The Federal Minister of Industry James Moore recently apologized for remarks he made after a question from a reporter.
The reporter had asked him about childhood poverty in British Columbia. “It is not my job to feed my neighbour’s child”, he said initially.
Later in a statement the minister apologized noting “….that I made an insensitive remark that I deeply regret.”
Conservative political philosophy often has clear views about government intervention on a range of issues from privatizing public utilities and resources to health care, unemployment benefits, pensions and poverty.
The laissez-faire, independent spirit is often evident from the Prime Minister’s comments and those of his ministers.
Some issues though are not exclusively about efficient and effective government or balancing the federal books. Some issues are primarily moral ones, and direct us to our values, what is most important to us.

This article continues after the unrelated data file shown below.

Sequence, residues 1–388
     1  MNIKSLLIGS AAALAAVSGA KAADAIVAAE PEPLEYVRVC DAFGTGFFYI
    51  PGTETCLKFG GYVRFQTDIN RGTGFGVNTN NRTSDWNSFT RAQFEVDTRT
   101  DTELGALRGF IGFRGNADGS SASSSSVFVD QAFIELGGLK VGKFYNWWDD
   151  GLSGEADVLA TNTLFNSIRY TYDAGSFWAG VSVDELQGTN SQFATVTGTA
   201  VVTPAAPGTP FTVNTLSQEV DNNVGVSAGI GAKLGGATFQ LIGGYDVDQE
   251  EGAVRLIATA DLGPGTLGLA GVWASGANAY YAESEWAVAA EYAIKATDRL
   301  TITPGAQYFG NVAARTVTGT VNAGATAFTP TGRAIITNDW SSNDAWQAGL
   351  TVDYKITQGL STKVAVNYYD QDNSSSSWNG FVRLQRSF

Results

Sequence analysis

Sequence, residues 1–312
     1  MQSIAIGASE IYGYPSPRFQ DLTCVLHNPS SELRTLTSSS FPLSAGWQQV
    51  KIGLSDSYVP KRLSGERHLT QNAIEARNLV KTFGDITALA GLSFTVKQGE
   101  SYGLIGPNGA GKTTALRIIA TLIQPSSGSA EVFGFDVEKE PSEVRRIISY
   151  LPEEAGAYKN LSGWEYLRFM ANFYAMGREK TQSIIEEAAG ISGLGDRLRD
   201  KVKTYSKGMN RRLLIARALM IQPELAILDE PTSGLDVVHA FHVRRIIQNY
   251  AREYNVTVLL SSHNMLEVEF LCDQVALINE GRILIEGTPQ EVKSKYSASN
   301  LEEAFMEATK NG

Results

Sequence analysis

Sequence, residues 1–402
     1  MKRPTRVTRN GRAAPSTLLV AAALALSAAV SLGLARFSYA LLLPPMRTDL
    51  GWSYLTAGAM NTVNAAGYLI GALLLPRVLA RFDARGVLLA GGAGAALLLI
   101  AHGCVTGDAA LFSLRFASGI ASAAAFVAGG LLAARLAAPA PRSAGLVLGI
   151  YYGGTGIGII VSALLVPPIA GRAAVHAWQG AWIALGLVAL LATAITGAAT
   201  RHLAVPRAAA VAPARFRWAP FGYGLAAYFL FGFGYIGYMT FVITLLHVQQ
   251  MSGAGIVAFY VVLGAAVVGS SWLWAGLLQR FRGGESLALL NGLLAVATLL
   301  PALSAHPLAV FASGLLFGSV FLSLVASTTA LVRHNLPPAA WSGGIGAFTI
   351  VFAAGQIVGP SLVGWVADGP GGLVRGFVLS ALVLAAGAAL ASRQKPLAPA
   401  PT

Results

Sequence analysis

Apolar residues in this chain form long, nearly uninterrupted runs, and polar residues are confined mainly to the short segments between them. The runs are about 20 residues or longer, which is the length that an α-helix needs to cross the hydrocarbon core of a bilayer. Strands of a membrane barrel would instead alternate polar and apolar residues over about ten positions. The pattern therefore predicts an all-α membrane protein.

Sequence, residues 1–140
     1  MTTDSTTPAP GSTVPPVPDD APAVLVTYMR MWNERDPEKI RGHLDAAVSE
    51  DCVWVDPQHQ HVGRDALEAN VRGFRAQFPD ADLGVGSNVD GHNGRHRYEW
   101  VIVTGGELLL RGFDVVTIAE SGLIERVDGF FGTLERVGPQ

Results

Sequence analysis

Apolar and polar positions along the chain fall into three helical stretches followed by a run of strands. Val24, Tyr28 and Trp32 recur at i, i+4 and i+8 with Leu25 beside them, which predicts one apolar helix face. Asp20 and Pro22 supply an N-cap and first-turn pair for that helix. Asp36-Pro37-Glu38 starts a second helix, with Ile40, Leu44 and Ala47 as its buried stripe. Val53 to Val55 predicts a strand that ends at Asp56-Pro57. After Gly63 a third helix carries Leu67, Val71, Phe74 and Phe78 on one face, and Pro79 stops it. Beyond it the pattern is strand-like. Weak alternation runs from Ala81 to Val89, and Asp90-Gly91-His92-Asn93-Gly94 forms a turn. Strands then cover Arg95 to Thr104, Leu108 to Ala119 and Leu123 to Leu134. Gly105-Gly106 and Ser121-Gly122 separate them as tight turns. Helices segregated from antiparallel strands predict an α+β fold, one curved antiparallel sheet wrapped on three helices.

It is there, I believe, that we have to engage in serious listening and reflection. That is not always easy.
In memorializing Nelson Mandela recently, I was curious about the years before he was imprisoned, the decades of the ‘40s and ‘50s. It appears, and it is clearly worth researching further, that all kinds of attempts were made to gain a political voice in government for the disenfranchised. The litany of attempts were numerous, virtually several attempts a month in the ‘50s. The organization he was head of, the ANC, goes back further than that, of course, to 1912 , six years before Mandela was born- a lesson in long term perseverance.
Political parties are strongly invested in their histories, their policies and their attitudes towards the general public and no matter what the political stripe it is easy to become defensive or argumentative, narrow and too sharply focused.
It might take decades to change our style beyond the classic format evidenced in our parliamentary question period. But perhaps a place to start might be with our neighbours, a block at a time, in our own communities.